Estate planning is an important process that every adult should address, regardless of net worth. A comprehensive estate plan that is tailored to your wishes and personal circumstances will provide peace of mind to you and your family. Below are some basic questions and answers to some commonly asked questions about the process.
Estate planning is the process of deciding and documenting what you want to happen if you become incapacitated or you pass away. Key elements of estate planning include the determination of how to distribute your assets after your death, as well as naming a person to handle your final affairs. Another extremely important component of the process is designating representatives to make decisions on your behalf, for both health care and financial matters, if you become incapacitated. Each of these considerations are critical issues that are important to evaluate and resolve now, rather than later in life.
When you engage in estate planning, it is important to work with an attorney so you can fully understand your options and make informed decisions. After an in-depth discussion regarding your objectives, the attorney will then draft the appropriate documents, so your wishes are clear and effective.
A basic estate plan should include documents that address both incapacity and death.
Powers of attorney for health care and property allow you to name agents to make your health care decisions and manage your financial affairs when you are no longer able to do so yourself due to mental or physical disability.
A Last Will and Testament (or, more simply, a Will) provides for an executor to manage your estate after your death, and establishes who will receive your remaining assets. It also allows you to name guardians for any minor children. Usually a Will must be probated, which means that a court proceeding must be opened so a judge can formally appoint the executor to take the actions set down in your Will.
A Revocable Living Trust is similar to a Will, in that you name a trustee to manage your Trust assets and beneficiaries to receive them. However, a trust typically avoids the probate process. This allows the assets in the Trust to pass to beneficiaries quickly, efficiently, and privately.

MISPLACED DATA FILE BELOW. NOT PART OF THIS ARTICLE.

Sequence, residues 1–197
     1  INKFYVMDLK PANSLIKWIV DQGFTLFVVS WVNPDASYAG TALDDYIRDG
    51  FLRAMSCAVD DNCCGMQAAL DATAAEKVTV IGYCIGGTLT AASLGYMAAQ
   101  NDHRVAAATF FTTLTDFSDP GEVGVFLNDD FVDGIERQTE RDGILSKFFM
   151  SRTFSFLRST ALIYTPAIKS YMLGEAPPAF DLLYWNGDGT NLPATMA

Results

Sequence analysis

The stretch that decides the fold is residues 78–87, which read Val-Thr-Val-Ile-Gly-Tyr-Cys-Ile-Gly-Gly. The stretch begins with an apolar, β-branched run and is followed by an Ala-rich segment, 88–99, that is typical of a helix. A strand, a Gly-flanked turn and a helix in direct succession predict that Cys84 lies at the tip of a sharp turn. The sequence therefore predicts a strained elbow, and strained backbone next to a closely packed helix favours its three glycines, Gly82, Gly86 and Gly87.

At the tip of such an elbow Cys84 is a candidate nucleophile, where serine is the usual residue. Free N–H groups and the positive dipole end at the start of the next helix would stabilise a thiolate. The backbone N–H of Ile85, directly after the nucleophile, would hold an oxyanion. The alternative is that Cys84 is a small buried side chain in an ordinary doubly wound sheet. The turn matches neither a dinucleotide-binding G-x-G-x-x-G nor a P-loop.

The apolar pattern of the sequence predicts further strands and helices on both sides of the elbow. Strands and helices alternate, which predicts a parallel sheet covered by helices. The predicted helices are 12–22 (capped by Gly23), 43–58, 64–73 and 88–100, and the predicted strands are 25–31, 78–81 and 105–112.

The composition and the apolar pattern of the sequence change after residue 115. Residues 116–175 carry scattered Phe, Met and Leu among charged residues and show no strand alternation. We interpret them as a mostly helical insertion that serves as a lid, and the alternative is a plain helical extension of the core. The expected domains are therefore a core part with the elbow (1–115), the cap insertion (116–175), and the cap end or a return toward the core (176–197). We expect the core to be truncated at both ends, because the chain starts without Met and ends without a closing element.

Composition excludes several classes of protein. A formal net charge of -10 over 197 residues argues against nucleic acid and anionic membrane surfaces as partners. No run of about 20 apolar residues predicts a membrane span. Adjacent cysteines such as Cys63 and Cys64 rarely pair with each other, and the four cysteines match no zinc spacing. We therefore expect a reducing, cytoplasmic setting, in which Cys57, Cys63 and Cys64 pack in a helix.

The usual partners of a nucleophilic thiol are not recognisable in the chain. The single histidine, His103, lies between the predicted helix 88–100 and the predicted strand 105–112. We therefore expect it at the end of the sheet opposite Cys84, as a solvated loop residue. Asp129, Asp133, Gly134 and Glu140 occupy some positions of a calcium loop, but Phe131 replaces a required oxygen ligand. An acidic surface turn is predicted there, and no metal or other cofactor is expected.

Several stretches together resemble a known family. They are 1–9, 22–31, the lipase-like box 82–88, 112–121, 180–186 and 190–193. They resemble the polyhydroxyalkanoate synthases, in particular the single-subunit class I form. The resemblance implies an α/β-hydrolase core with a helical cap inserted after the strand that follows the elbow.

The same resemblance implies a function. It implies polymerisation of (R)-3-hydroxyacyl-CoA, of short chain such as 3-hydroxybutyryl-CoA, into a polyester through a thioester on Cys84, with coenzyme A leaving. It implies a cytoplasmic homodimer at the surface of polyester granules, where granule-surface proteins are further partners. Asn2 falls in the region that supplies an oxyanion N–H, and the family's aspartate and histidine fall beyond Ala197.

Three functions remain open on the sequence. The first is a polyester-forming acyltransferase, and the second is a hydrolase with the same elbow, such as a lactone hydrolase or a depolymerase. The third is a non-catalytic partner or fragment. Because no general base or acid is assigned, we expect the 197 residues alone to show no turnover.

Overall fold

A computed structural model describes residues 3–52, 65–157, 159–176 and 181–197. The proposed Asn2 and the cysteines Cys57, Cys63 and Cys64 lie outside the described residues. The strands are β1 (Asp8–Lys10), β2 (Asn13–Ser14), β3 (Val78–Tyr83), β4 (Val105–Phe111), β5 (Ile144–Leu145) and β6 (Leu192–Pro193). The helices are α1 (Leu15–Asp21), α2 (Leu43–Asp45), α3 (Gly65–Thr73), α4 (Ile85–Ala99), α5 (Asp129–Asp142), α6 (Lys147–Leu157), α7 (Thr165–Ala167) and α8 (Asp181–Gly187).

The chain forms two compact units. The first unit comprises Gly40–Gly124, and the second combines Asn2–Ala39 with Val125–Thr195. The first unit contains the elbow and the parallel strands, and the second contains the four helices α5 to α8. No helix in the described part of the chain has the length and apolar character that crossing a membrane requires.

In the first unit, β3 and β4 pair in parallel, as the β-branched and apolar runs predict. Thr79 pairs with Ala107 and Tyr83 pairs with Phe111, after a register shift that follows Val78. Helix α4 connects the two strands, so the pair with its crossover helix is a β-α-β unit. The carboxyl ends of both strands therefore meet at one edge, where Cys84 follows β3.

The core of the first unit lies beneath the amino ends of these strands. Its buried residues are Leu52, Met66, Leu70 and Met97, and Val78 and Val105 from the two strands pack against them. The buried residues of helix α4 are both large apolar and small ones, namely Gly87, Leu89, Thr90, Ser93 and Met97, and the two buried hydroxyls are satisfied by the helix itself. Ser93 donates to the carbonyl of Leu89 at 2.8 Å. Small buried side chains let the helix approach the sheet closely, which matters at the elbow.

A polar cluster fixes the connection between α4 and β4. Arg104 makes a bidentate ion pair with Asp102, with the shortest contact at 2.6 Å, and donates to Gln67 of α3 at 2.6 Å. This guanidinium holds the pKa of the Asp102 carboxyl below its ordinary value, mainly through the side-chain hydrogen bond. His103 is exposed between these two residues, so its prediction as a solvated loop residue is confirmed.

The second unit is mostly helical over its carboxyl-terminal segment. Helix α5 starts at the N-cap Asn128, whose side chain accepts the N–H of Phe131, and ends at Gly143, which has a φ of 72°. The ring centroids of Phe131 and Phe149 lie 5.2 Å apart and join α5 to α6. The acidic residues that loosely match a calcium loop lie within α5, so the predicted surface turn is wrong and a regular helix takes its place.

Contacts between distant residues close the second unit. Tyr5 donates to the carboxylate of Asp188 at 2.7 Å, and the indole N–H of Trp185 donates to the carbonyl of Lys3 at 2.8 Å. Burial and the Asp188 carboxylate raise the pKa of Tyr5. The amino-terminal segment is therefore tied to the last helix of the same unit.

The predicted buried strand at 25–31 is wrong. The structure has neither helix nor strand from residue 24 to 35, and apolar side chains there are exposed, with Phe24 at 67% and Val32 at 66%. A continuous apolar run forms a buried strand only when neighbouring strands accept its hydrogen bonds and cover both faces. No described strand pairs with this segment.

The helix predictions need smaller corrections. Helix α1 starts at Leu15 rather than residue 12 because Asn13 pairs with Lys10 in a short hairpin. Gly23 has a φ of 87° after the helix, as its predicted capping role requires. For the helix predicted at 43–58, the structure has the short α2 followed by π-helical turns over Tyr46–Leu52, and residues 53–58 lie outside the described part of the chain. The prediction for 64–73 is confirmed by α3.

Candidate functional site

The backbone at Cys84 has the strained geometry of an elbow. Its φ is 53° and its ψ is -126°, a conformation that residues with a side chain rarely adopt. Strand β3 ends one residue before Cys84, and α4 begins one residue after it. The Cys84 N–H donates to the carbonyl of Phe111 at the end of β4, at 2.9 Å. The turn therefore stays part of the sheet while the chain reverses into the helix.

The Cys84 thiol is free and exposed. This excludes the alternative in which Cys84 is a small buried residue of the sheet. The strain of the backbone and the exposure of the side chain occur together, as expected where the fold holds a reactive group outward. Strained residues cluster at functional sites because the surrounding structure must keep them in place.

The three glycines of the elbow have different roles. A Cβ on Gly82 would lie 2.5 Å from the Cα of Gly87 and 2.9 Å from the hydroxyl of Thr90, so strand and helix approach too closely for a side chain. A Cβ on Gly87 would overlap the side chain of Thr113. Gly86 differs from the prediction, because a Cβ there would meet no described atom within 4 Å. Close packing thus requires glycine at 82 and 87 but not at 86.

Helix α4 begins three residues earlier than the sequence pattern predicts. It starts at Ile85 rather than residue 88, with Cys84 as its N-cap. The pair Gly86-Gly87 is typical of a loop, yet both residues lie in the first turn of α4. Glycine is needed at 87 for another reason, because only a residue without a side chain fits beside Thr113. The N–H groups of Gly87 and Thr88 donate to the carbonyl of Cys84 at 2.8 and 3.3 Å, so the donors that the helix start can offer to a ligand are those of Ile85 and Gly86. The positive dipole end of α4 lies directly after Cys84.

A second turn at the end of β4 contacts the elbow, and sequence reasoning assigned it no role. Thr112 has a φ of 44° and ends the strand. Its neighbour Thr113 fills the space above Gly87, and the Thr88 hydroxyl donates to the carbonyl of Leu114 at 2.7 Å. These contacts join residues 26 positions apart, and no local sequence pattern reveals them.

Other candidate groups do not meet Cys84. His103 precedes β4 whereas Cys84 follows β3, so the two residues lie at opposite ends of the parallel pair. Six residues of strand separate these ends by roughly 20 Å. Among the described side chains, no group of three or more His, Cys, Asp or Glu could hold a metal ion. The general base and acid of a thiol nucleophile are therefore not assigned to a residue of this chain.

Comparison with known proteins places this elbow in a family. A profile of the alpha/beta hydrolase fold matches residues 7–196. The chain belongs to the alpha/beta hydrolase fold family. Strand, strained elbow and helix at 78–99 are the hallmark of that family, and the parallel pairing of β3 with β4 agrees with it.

Everyone needs an estate plan. Regardless of whether you have relatively few assets or a large estate, your wishes should be in writing and legally binding. Otherwise, if you become unable to care for yourself, a judge may have to appoint someone to make your health care and financial decisions for you. Additionally, if you pass away without a Will or Trust in place, state law will determine who inherits your assets. Since state law and judicial resolutions rarely match personal choices, you should make those determinations for yourself now, when you can carefully consider your options and make thoughtful decisions. Then, if an emergency arises, the people you have chosen will be able to implement your plan privately and without delay.
The attorneys at Buckley Fine do not recommend using online form services to address such important legal matters. The decisions you make when creating an estate plan can affect you and your family for generations. The care and custody of yourself, your loved ones, and the estate you have built over your lifetime all deserve the time and investment of a comprehensive estate plan that is created with the guidance of an experienced estate planning attorney. The savings achieved by using online forms are often lost by the increased costs required to administer documents that were incorrectly completed, ambiguous, or improperly signed.
To learn more, visit buckleyfinelaw.com, or call 847-381-0011. The Buckley Fine, LLC team of 26 attorneys and staff is located at 102 S. Wynstone Park Drive in North Barrington.
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